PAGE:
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Author Topic: Europeans Hit with Multi-Stage Malware Loader via Signed Malspam  (Read 103 times)
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« on: April 28, 2019, 03:16:18 PM »

Multiple malicious spam campaigns using signed emails have been observed while distributing the GootKit (aka talalpek or Xswkit) banking Trojan with the help of a multi-stage malware loader dubbed JasperLoader over the past few months.

This loader is the third one detected by Cisco Talos' research team since July 2018, with Smoke Loader (aka Dofoil) being employed by threat actors to drop ransomware or cryptocurrency miner payloads last year, while Brushaloader was identified during early 2019 and seen while making use of Living-of-the-Land (LotL) tools such as PowerShell scripts to remain undetected on compromised systems.

Malware loaders are popular tools for adversaries who want to make the job of dropping various malware payloads onto to their victims' machines easier because they make it possible to maximize their profits by switching the pushed malware to one suited to the infected computer.

The current loader tracked by Cisco Talos is JasperLoader and its activity has been picking up during the past months, with malspam campaign operators distributing it to targets from Central Europe, with an apparent focus on Italian and German targets.

Malspam email samples

"JasperLoader employs a multi-stage infection process that features several obfuscation techniques that make the analysis more difficult," says Cisco Talos. "It appears that this loader was designed with resiliency and flexibility in mind, as evidenced in later stages of the infection process."

As unearthed by the researchers, JasperLoader has been disseminated by multiple malspam campaigns throughout the last months and it has been used to drop the Gootkit banking Trojan previously distributed by DanaBot, Neutrino exploit kit and Emotet which acts as a backdoor and can steal sensitive user information.

The various malicious campaigns detected by Cisco Talos are localized to match the European country they are targeting, while the attachments employed to start the JasperLoader infection contain either a Visual Basic for Applications (VBS) script or a DOCM document with VBA macros, both of them used to initiate the payload download process.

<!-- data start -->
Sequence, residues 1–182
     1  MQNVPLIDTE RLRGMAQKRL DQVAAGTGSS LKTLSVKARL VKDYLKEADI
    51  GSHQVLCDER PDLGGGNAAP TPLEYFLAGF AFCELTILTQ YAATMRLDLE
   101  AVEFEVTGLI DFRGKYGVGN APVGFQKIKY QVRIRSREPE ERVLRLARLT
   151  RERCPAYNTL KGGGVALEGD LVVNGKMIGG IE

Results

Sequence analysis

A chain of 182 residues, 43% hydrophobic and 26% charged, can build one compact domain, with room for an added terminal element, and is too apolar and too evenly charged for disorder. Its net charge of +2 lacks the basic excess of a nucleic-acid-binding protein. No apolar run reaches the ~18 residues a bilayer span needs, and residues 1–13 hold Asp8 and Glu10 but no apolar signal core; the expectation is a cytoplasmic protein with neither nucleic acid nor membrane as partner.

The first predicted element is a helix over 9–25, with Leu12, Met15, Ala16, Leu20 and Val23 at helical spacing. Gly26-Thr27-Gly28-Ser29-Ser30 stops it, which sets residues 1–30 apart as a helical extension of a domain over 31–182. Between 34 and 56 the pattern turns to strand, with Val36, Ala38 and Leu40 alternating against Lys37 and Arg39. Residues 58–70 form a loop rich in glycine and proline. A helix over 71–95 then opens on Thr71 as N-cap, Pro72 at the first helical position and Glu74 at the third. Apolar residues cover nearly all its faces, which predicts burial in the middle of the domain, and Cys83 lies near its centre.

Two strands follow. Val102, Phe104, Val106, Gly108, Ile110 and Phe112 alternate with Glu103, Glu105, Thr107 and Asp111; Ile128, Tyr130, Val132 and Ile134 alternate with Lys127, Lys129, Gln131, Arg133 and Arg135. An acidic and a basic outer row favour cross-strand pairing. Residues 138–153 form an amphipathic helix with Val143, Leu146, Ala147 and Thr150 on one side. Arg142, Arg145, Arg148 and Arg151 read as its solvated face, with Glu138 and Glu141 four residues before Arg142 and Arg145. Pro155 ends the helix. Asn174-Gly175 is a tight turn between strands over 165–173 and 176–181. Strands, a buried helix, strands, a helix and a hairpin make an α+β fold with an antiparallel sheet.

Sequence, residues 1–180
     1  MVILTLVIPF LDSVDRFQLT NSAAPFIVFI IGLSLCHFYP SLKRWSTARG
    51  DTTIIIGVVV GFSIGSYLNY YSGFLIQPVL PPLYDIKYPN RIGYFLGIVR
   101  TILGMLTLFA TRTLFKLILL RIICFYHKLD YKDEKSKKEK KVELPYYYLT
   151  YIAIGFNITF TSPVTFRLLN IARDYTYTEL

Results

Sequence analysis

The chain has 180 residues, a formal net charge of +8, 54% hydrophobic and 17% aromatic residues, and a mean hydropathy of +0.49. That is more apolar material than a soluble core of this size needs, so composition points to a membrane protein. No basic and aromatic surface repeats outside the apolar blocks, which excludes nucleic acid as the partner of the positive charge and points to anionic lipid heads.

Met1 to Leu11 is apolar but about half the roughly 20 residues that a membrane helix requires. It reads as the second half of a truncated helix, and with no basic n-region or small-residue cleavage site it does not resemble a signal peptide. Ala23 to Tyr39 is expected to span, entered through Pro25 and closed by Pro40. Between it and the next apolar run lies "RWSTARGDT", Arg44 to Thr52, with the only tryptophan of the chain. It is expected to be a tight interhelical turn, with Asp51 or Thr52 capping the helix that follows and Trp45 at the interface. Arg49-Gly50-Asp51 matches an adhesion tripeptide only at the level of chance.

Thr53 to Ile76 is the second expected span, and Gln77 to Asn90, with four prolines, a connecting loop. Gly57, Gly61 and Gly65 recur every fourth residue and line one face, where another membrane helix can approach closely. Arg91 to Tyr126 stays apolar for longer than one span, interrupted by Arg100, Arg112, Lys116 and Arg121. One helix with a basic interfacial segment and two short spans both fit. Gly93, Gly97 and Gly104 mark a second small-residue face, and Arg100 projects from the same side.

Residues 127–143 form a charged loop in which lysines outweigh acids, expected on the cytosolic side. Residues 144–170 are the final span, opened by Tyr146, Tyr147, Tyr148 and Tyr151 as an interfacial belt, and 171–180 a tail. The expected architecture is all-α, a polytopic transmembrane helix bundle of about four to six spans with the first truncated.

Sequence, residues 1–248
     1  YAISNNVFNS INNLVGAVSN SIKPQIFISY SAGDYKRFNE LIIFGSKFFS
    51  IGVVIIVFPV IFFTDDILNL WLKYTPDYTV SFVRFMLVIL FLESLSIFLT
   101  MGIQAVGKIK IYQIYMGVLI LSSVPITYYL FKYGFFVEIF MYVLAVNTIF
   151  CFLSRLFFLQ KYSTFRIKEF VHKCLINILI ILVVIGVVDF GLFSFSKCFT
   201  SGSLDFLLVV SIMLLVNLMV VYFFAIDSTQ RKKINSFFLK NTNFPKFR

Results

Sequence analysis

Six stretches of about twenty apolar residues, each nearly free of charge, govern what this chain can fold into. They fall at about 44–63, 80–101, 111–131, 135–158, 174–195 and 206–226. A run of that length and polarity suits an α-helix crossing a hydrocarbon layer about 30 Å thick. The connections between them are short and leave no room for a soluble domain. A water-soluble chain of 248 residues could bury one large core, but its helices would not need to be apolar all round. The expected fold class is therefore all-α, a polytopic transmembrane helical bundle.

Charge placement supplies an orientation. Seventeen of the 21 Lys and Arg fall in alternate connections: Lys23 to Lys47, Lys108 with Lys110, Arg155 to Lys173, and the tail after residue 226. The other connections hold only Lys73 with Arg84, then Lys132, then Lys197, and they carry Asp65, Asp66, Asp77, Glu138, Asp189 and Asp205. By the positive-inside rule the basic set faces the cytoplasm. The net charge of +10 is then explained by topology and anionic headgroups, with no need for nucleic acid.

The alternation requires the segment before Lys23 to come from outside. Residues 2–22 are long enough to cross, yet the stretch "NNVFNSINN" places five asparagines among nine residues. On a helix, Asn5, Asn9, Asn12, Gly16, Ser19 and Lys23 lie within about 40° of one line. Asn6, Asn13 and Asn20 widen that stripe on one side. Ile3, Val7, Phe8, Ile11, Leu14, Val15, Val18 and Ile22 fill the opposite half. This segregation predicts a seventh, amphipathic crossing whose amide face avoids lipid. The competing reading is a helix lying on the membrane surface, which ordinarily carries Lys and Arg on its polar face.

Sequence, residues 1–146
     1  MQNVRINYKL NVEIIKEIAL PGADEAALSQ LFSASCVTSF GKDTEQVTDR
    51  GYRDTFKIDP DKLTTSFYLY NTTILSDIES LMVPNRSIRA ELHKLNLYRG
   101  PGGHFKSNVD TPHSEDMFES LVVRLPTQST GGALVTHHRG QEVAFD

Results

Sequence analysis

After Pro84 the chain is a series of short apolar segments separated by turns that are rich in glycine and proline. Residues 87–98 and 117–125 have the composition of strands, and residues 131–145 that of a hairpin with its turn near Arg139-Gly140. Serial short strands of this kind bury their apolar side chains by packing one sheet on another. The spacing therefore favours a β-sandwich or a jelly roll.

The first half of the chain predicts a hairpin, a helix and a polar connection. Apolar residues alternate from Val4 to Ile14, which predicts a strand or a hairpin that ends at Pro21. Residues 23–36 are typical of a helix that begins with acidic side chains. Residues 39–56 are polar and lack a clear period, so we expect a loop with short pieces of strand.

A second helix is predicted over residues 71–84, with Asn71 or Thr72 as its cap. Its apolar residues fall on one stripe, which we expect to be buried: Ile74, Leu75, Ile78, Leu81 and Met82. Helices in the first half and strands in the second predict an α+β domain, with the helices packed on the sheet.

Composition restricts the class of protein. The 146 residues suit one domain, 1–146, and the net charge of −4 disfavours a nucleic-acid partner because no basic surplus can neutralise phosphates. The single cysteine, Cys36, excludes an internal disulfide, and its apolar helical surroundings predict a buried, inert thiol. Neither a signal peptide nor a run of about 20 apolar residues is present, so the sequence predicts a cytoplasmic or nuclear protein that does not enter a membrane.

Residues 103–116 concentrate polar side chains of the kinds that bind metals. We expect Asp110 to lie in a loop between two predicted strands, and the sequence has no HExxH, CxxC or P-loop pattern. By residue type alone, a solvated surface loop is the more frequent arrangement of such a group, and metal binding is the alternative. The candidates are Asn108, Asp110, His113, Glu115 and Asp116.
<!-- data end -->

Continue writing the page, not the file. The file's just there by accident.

The researchers also noticed "messages containing malicious JS downloaders. There were also some campaigns that featured legitimate and malicious file attachments. For example, some of the observed campaigns included ZIP files containing JS and XML files and benign PDF invoices."

Certificate properties and details

What makes some of these malspam campaigns very dangerous is the fact that the attackers use legitimate certified email services such as Posta Elettronica Certificata (PEC) used in Italy, Switzerland and Hong Kong to send signed emails "to maximize the likelihood that they can convince potential victims to open their malicious emails."

After the JasperLoader malware loader successfully infects its targets, it will check its geolocation and terminate itself if the compromised machine is from Russia, Ukraine, Belarus, or People's Republic of China.

Next, it gains persistence by adding an LNK shortcut to itself to the infected system's Startup folder to get launched each time the machine is rebooted.

It will also generate a bot identifier which gets sent to the command-and-control (C2) server allowing it to register the machine to the operators' botnet and it goes in standby, waiting for commands from the C2 server.

JasperLoader allows the attackers to update the loader, to run Powershell-based arbitrary system commands, and, more importantly, to download the final Gootkit malware payload.

Downloading the final malware payload

Signing the malspam messages before sending them to their victims using valid certificates made it possible for the attackers behind JasperLoader malicious email campaigns to confirm their authenticity "as only those with access to the private keys should be able to sign the message."

In addition, "abusing a legitimate email service allowed them to deliver their malicious emails in a way that would maximize the likelihood that a potential victim would open the attachments and infect themselves with JasperLoader," concluded Cisco Talos.

Indicators of compromise (IOCs) are also provided by the Cisco Talos' research team in the form of SHA256 attachment hashes, list of used domains and IP addresses.

« Last Edit: April 28, 2019, 03:24:33 PM by javajolt » Logged

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